NEWS
April 1, 2013
On the northern coast of Spain in Basque country and Asturias, a taste for hard cider instead of wine reaches its height in April, when cider houses called sagardotegi celebrate with calls for "Txotx!" (say: "choach!") and casks are tapped, sending newly fermented fall sidra streaming from holes in the barrel straight into revelers' glasses. Tinto is having its own Txotx party Thursday, and it's an ideal moment to taste how fascinatingly different these ciders are - low in carbonation and vivid with earthy apple essence.
NEWS
June 21, 2015
Summer is always ripe for cherry pie. But this year, I'm excited about the one that's pouring on draft: Cherry Pie, the cider. This wickedly good blush of sweet-tart dry cider comes from Stone & Key Cellars in Montgomeryville, the eight-month-old custom crush winery from the owners of Keystone Homebrew Supply that's also become one of the state's innovative new cideries. S&K's initial cider series ferments a blend of up to 17 apple varieties from Solebury Orchards to complete dryness followed by a variety of vivid finishes, including a funky wild yeast for "Untamed," or the oaky vanilla of brandy barrels.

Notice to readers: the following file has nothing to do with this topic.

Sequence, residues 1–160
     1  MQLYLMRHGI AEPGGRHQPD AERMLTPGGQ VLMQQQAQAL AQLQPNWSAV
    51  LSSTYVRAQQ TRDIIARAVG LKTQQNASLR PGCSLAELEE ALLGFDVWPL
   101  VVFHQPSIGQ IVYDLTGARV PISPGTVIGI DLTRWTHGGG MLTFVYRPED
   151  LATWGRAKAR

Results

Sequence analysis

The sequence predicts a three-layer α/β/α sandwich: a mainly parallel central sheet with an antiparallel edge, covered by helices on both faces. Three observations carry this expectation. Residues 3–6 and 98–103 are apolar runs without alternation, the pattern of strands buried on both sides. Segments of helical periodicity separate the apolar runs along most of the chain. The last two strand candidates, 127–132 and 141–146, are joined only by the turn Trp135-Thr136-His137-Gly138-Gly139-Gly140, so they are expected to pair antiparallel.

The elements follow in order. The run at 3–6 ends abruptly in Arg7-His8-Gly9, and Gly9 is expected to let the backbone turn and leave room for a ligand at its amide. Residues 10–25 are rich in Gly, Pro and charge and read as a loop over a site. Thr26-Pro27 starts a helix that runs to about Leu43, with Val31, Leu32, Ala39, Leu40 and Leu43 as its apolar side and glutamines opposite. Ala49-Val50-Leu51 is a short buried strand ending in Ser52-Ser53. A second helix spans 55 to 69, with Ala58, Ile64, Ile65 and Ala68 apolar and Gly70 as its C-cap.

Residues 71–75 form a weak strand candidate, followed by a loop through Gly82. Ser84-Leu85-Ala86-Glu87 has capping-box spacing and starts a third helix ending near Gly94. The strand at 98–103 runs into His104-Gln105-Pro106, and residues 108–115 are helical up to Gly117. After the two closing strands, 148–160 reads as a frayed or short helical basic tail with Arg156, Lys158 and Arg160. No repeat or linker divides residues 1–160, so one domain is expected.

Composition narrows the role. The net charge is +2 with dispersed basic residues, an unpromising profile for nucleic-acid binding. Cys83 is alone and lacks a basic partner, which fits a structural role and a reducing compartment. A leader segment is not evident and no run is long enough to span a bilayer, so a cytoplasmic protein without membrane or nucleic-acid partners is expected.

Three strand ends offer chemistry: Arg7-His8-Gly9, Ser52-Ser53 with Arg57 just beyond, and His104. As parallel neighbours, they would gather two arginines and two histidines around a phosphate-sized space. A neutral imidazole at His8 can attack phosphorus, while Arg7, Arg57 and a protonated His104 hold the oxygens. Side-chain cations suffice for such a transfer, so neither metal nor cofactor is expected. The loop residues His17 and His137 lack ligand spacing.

FOOD
March 6, 2015 | By Virginia A. Smith, Inquirer Staff Writer
YORK TOWNSHIP, Pa. - Steve and Julie Groff were living the life. Son of a third-generation dairy farmer, Steve was a successful orthopedic surgeon. Trained as a nurse, Julie was a stay-at-home mom to their three kids and manager of the 77-acre, century-old farm they'd bought in 2000. Together, they were raising Standardbred horses and Black Angus cattle, and exploring future business uses of their farm. Then, in October 2011, tragedy struck. Steve had taken his new Cannondale road bike out for an inaugural spin in Glen Rock, 20 miles from the York County farm, when he was hit from behind by a car being driven at 45 m.p.h.
FOOD
October 23, 2002 | By Jon Caroulis FOR THE INQUIRER
What's better than a crisp fall afternoon? How about a crisp, sweet glass of apple cider to welcome the change of seasons? Cider is a versatile beverage. You can serve it ice cold, or heat and spice it up with cinnamon, cloves and ginger. Producers can give it sparkle by adding carbon dioxide or ferment it into hard cider, which is usually 3 to 7 percent alcohol. But it begins and ends with the fruit. Pure cider contains nothing but the juice of pressed apples. Yet it is a more hand-crafted product than apple juice, which is made from concentrate and filtered numerous times for clarity.